Resident Evil 2 was an instant classic when it launched in 1998, ticking all the boxes for a timeless game. But as you know - there's no timeless hardware, and the technology was slowly retiring it to the history books. And then, Capcom.
Having played every successive Resident Evil instalment and witnessing the changes from "the old ways" first hand, it became increasingly difficult explaining why RE2 was a masterpiece. Much like looking at an old boxer - there's a point where you just don't see the champ anymore.
Trying to recapture the magic by playing the original made it even worse, as it meant going back to tanky controls and other technical issues, without the modern graphics sheen. It was ready for history books. Heck, it was in history books.
Nevertheless, fans kept sending Capcom letters, begging them to bring back Resident Evil. The remake's producer Yoshiaki Hirabayashi told Game Watch that they've been getting letters even then, 21 years later after launch, and they finally decided to make it happen.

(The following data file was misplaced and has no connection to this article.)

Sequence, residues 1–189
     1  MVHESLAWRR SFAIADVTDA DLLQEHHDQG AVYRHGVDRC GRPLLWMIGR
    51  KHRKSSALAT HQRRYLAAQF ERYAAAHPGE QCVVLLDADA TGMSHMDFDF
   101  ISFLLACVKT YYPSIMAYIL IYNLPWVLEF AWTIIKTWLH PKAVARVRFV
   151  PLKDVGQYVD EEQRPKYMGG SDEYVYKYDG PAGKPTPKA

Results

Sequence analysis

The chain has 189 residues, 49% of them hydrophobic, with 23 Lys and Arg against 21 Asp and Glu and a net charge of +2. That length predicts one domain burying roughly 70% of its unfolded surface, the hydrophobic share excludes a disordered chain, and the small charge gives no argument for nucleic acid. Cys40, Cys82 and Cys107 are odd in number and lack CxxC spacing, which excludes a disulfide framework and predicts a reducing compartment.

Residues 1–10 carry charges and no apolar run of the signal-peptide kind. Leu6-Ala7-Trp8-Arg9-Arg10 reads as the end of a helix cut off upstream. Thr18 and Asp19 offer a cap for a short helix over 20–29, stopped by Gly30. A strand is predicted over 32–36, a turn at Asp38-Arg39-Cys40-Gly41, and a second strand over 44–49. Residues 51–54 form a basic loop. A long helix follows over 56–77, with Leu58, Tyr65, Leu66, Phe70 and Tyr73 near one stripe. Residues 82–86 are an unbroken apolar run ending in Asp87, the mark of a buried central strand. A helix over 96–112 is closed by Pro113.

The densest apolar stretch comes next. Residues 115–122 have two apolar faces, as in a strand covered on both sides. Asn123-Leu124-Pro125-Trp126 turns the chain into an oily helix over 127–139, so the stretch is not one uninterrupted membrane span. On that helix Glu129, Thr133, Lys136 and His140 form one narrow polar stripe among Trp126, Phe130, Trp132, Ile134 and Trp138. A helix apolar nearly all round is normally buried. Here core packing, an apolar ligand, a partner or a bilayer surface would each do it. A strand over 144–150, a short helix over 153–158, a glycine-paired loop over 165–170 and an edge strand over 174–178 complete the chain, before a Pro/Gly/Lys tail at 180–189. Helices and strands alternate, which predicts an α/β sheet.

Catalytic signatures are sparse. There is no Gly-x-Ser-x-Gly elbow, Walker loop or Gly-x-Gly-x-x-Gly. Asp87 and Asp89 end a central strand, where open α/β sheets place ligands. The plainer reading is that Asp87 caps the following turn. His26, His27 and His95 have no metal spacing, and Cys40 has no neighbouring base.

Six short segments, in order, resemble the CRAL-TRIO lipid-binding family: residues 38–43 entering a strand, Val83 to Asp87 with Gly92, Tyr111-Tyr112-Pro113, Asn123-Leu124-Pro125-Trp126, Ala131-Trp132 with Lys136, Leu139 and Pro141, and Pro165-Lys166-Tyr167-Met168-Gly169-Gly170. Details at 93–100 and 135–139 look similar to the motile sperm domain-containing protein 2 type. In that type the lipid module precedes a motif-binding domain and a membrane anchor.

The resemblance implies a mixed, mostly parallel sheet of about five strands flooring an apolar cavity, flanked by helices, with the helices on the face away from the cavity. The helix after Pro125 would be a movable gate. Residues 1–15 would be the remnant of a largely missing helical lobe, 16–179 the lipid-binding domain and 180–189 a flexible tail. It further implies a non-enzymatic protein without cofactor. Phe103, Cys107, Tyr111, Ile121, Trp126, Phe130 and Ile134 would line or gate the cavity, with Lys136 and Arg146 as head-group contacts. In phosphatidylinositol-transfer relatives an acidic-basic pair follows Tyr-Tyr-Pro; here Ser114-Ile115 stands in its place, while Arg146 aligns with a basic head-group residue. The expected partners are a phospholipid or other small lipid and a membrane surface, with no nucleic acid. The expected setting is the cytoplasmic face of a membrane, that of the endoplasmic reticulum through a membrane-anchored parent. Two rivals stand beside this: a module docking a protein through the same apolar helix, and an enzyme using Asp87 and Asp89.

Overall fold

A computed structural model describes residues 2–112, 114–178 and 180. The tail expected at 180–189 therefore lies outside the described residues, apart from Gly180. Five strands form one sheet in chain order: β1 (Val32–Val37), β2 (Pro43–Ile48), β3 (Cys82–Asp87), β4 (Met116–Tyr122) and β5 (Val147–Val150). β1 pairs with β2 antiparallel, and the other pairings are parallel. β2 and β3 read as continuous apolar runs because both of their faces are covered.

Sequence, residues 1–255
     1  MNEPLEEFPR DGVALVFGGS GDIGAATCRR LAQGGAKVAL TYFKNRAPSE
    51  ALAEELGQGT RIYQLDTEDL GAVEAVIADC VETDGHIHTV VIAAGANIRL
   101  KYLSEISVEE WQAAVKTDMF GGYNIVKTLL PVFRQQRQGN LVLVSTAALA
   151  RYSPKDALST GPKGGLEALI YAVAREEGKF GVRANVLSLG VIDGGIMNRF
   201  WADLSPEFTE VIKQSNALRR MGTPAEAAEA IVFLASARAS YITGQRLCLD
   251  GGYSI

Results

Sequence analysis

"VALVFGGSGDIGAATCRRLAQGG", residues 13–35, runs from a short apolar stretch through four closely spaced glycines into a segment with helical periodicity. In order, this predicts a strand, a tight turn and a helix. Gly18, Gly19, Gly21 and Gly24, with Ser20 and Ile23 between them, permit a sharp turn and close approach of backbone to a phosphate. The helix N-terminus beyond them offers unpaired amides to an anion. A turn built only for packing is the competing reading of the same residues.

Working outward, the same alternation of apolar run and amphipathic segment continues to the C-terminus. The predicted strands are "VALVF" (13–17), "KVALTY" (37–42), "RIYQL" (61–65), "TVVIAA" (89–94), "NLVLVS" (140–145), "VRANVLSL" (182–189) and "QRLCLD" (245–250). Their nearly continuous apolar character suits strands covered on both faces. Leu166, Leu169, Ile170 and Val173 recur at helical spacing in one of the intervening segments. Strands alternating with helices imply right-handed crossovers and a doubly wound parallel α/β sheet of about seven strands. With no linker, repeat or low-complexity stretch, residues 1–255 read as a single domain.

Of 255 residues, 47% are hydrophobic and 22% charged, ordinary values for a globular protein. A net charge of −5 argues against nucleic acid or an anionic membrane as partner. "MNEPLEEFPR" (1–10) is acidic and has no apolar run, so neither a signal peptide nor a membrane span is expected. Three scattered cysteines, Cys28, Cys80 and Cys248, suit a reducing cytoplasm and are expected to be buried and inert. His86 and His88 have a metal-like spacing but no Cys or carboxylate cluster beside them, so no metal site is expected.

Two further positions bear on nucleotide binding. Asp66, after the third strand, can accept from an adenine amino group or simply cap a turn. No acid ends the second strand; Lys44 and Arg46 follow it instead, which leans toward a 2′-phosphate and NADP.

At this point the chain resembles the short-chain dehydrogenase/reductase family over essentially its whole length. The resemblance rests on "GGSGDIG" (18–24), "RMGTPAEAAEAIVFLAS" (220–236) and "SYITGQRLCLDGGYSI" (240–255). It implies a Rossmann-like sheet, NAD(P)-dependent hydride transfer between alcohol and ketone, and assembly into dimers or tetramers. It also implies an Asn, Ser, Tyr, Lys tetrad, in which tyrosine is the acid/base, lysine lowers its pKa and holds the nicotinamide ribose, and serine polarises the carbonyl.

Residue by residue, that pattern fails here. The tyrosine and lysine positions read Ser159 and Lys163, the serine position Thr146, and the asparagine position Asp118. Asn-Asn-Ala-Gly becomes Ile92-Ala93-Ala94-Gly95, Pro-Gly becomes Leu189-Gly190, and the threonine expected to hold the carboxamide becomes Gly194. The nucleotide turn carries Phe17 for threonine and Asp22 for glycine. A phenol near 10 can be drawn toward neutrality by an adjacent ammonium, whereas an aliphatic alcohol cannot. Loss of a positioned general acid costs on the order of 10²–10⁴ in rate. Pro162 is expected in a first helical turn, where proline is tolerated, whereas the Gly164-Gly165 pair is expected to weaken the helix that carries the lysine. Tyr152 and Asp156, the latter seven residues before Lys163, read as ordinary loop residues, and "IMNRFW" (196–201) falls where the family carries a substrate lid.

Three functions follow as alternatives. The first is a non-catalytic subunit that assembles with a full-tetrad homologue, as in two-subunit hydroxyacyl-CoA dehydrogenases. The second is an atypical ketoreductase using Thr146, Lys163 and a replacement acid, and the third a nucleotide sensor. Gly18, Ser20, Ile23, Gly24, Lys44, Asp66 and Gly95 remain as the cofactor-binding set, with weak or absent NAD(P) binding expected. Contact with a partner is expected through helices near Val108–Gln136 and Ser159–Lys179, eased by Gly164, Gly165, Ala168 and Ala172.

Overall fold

This is where Capcom were forced to make some big decisions - do they revert to the tanky controls for the sake of authenticity? How about the camera? Will the iconic scenes work if we change this? Every thread tugged on another and it became clear that Resident Evil 2 had to change in order to stay the same.
By the time the trailers started rolling in, it was clear Capcom were in the zone, and every screenshot looked better than the last. Capcom were blown away by the response to the demo. We were blown away by the demo. A love story, really.
Ironically, after so many years, Resident Evil 2 finally looked and felt like the iconic Resident Evil 2 I remembered. And achieving that, ladies and gentlemen, is pure art.